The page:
In 4 days, 20 hours, and 30 minutes…
Next week, the National Spelling Bee finals begin, boasting nearly 300 contestants and live broadcasting by ESPN. Last year, the show was the most tweeted program of the week, ousting favorites like “Game of Thrones” and “The Bachelorette.” Cruciverbalists (word game enthusiasts) and legophiles (word lovers) across the globe will tune in for a spellbinding array of dazzlingly diverse words: words like chiaroscurist, which was a championship-winning word a few years back.
What’s a chiaroscurist, you ask? A chiaroscurist is an artist who uses strong contrasts between light and dark. Raphael, Rubens, Rembrandt, and da Vinci are a few masters of this technique.
Chiaroscuro, the verb form of the word, is a technical term for the artistic use of contrasts of light to achieve a sense of volume in modelling three-dimensional objects. Similar effects in cinema and photography are also called chiaroscuro.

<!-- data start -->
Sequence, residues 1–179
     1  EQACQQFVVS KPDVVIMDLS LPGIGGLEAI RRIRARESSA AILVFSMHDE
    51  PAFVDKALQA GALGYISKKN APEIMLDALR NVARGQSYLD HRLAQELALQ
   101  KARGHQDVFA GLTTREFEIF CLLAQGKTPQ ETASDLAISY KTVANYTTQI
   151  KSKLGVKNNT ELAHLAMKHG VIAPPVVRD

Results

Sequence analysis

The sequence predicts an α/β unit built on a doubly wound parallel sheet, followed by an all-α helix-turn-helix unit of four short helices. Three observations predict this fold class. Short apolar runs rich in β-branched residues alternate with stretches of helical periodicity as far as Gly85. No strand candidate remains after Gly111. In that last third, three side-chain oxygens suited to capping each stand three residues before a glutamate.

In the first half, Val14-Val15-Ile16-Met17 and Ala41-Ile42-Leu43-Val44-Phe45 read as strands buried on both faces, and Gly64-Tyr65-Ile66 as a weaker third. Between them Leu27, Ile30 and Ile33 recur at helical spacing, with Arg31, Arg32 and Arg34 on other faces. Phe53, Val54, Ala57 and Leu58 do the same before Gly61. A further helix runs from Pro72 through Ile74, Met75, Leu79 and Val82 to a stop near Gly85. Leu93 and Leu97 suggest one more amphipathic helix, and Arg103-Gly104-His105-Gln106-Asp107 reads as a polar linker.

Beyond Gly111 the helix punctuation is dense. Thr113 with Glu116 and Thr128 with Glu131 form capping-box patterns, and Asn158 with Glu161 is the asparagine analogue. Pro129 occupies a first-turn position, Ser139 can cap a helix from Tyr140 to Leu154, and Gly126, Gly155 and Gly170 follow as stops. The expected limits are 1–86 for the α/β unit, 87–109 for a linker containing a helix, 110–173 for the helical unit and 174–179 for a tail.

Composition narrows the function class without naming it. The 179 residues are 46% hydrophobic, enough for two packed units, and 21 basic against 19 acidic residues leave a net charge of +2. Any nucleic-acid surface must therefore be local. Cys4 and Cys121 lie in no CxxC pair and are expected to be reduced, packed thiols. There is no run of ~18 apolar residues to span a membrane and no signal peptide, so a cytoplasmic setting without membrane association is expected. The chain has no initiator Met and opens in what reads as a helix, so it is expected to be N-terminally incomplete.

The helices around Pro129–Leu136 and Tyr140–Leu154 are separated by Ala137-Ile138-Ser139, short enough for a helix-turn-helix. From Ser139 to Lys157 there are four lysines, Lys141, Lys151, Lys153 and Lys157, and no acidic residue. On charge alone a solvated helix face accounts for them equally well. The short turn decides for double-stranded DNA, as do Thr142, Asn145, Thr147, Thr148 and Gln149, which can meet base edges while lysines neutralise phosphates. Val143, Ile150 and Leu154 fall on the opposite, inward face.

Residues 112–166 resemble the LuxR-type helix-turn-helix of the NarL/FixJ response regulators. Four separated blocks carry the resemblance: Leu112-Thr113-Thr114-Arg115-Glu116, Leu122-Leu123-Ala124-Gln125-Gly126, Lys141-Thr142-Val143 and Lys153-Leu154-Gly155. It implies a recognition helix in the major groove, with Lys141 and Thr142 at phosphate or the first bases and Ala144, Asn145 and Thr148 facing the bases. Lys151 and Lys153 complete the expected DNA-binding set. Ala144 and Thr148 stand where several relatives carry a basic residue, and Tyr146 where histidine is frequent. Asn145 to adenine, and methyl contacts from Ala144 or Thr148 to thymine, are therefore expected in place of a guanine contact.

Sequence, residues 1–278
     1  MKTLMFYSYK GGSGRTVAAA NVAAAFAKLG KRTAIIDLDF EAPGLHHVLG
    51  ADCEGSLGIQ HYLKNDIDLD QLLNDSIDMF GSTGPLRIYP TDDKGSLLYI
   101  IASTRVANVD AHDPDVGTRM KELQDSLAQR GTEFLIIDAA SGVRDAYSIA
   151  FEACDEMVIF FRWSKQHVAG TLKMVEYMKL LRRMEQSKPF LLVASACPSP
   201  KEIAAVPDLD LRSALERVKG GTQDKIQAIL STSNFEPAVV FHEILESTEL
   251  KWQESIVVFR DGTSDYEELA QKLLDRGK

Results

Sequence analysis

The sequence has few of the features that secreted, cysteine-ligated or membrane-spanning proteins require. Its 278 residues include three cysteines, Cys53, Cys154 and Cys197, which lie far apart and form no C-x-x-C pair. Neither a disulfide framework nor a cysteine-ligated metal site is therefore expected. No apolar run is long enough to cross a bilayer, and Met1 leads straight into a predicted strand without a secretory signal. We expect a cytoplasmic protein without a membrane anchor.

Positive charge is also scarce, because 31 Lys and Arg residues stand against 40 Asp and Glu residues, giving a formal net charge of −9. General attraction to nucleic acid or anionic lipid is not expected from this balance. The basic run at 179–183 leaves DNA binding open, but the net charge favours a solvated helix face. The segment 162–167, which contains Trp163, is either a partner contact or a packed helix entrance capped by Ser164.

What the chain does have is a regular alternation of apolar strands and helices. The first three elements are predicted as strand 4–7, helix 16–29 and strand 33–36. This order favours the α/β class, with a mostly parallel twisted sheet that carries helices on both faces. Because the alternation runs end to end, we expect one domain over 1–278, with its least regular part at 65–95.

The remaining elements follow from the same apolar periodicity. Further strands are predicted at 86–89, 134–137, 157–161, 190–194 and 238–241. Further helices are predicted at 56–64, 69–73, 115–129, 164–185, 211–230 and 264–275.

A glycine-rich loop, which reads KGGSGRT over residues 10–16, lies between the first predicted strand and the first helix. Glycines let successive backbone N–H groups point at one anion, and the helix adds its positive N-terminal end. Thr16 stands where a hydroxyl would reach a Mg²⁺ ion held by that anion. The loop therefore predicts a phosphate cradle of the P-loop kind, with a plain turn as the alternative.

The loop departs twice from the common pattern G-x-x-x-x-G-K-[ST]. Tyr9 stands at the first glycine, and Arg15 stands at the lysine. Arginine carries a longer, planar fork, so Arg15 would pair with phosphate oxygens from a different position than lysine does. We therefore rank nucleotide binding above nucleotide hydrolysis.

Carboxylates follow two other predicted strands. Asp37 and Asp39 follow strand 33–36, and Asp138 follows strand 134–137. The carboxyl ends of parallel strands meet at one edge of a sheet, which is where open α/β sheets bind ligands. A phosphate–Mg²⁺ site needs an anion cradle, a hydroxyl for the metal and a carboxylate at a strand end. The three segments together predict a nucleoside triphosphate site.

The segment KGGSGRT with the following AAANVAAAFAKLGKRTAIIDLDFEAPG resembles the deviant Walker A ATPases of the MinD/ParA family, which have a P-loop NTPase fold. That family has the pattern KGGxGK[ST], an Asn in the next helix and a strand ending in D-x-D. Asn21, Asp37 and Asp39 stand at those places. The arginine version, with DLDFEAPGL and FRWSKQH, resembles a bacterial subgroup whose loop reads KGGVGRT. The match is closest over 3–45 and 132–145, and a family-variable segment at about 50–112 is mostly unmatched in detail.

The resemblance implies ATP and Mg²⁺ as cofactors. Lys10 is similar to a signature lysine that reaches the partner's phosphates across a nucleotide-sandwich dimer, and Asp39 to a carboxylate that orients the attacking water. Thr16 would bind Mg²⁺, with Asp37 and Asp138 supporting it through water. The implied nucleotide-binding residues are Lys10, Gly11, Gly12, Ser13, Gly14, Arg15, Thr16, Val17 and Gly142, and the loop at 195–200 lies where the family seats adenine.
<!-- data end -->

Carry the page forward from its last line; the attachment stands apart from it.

The contrast between light and dark also plays an important role in ophthalmology. One of the signs or symptoms of worsening cataracts is a loss of sensitivity to contrasts between light and dark. Have you ever struggled to distinguish between your black and navy socks? Do you notice night driving becoming more difficult, especially with glaring headlights? These may be signs that it’s time for an eye exam, and an ophthalmology clinic can do special testing to determine what’s causing the symptoms. At West Georgia Eye Care Center, our physicians and staff are something like chiaroscurists: (medical) artists who use light-dark contrast to provide you with the best eye care possible. It’s one of the reasons it matters who you see!